But, in a larger sense, we cannot dedicate -- we can not consecrate
-- we can not hallow -- this ground. The brave men, living and dead, who
struggled here, have consecrated it, far above our poor power to add or
detract. The world will little note, nor long remember what we say here, but
it can never forget what they did here. It is for us the living, rather, to be
dedicated here to the unfinished work which they who fought here have thus
far so nobly advanced. It is rather for us to be here dedicated to the great task
remaining before us -- that from these honored dead we take increased devotion
to that cause for which they gave the last full measure of devotion -- that we here
highly resolve that these dead shall not have died in vain -- that this nation, under
God, shall have a new birth of freedom -- and that government of the people, by
the people, for the people, shall not perish from the earth. (Gettysburg Address)
These words presented by Abraham Lincoln have long epitomized not only the bloody battle of Gettysburg, but the entire Civil War. One of the bloodiest conflicts in history, the Civil War represents much of what the United States stands for: freedom, and the right to choose an individual course of action. But, unlike many other conflicts, there was no true right or wrong. Both sides had valid points of contention, and both sides had the right to support their cause. Both sides fought valiantly for what they believed was right--brother against brother, friend against friend, father against son. Regardless of the intentions of the fighting men, their commanders, or the powers in Washington and Richmond, in the end, the Civil War was an impossible war. Military strategies on both sides, difficult terrain, and political manipulations all created an untenable and uncontrollable situation that ultimately determined the outcome of war.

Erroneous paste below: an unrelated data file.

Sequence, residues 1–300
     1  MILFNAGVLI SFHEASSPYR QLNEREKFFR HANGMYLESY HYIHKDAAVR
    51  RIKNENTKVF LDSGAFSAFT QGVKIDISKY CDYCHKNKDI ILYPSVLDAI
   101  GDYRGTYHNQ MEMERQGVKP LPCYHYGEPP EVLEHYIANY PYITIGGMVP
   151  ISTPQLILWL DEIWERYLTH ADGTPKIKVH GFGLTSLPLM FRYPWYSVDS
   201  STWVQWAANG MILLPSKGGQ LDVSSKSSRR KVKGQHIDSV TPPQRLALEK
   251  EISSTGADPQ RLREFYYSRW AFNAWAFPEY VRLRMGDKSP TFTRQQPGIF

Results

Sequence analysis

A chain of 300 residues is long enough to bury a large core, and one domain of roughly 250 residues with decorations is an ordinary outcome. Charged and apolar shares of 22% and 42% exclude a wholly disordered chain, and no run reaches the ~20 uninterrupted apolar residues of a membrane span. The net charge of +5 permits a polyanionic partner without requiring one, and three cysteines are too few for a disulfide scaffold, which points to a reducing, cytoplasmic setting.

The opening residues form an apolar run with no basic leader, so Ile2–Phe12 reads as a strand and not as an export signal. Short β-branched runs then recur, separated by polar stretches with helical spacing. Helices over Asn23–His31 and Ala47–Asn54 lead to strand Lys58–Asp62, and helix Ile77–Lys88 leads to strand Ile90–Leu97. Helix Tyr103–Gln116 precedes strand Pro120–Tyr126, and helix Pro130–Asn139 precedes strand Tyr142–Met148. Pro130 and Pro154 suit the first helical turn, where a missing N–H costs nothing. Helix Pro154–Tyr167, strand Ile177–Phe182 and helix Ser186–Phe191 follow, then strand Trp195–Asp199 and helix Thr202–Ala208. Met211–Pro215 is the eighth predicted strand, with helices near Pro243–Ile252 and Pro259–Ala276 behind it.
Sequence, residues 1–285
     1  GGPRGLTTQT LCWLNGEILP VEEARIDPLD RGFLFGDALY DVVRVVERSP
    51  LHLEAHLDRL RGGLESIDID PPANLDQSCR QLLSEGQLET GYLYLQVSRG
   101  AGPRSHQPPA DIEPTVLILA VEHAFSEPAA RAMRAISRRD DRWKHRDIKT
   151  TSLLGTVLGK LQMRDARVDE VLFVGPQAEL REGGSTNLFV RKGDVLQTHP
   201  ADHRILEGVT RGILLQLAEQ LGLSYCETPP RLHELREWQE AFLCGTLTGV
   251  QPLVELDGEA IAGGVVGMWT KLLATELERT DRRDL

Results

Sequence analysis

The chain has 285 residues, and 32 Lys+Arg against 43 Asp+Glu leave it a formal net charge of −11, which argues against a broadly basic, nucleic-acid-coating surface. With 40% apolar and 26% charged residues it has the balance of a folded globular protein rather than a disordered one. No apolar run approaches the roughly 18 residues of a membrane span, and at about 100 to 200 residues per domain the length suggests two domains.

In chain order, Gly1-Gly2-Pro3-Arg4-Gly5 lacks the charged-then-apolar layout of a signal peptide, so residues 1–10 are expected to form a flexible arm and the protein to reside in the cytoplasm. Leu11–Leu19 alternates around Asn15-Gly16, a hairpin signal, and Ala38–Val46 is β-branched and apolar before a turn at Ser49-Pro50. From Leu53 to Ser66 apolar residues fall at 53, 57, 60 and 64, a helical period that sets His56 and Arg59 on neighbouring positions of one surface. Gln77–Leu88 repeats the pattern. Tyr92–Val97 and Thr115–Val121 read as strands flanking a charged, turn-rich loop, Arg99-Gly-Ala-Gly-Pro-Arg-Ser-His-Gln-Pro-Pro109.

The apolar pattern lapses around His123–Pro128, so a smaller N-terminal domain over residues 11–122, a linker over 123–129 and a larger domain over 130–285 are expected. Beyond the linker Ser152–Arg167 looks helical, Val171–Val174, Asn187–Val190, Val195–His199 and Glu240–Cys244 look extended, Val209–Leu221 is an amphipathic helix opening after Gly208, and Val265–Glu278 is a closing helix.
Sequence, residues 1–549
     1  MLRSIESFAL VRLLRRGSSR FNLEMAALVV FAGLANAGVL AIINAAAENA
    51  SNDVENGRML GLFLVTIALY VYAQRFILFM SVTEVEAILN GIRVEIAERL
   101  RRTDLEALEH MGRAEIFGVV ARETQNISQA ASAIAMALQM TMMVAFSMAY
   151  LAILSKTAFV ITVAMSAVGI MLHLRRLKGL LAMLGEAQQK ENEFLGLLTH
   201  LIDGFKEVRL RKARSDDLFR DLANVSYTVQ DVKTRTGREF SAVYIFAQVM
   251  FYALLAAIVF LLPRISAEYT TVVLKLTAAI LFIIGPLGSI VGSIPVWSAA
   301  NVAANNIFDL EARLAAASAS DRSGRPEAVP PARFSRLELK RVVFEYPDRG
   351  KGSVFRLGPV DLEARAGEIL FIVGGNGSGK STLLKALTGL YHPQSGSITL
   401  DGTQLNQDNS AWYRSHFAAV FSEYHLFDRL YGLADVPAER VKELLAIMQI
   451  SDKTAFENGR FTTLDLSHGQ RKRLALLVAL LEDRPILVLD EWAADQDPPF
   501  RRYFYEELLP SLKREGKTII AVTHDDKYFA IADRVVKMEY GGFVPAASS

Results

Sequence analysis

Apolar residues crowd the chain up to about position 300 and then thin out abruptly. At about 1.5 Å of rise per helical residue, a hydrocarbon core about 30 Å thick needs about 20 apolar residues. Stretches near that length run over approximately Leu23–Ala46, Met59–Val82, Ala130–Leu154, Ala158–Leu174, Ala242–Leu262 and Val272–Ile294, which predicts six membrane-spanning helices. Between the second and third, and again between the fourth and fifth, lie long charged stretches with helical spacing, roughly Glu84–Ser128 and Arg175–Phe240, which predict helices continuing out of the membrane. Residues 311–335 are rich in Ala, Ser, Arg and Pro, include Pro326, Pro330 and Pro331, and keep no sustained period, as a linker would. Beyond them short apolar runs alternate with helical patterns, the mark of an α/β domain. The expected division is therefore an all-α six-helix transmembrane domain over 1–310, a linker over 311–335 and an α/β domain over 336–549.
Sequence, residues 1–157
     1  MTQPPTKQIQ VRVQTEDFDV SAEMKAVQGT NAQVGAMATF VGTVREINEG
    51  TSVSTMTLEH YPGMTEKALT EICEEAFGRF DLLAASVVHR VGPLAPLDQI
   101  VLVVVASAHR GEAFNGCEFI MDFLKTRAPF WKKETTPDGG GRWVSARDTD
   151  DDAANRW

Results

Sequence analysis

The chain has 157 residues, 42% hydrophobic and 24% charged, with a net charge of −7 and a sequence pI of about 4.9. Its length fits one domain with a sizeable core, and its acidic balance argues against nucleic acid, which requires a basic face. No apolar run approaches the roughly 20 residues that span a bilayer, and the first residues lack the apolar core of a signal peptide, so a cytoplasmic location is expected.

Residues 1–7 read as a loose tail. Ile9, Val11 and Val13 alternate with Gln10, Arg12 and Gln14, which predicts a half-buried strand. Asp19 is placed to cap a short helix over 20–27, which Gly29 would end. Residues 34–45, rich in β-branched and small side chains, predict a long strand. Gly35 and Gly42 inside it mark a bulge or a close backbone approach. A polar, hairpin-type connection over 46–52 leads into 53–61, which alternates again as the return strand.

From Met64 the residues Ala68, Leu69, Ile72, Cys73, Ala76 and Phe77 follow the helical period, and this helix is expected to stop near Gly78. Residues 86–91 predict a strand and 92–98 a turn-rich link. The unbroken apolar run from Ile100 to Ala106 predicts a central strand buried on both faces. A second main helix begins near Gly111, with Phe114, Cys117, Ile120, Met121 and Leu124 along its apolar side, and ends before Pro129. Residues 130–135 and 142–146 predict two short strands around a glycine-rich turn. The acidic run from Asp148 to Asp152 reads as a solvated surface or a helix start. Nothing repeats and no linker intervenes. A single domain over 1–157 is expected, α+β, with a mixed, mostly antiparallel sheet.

Over the course of the Civil War, there were over 10,000 armed conflicts, with approximately 380 considered major military campaigns (Principal Civil War Battlefields). It would be impossible to analyze every battle for its terrain, its commander’s strategies and the political machine underlying the conflict, but of these 380, there are several major campaigns that stand out as decisive battles within the Civil War. First, there is the First Battle of Bull Run, the first major battle of the war, fought on July 21, 1861. Second, there is the Battle of Gettysburg, one of the few battles fought in the North, raging over three days, July 1-3, 1863. Third, there is the Battle of Chickamauga, the most important campaign of the western theatre, fought September 19-20, 1863. Finally, there is the Battle of Five Forks, the final conflict before the Confederate surrender at Appomattox, fought on April 1, 1865. These four battles were decisive for both sides, constantly swinging the war from one side to the other. The leaders of these campaigns had many...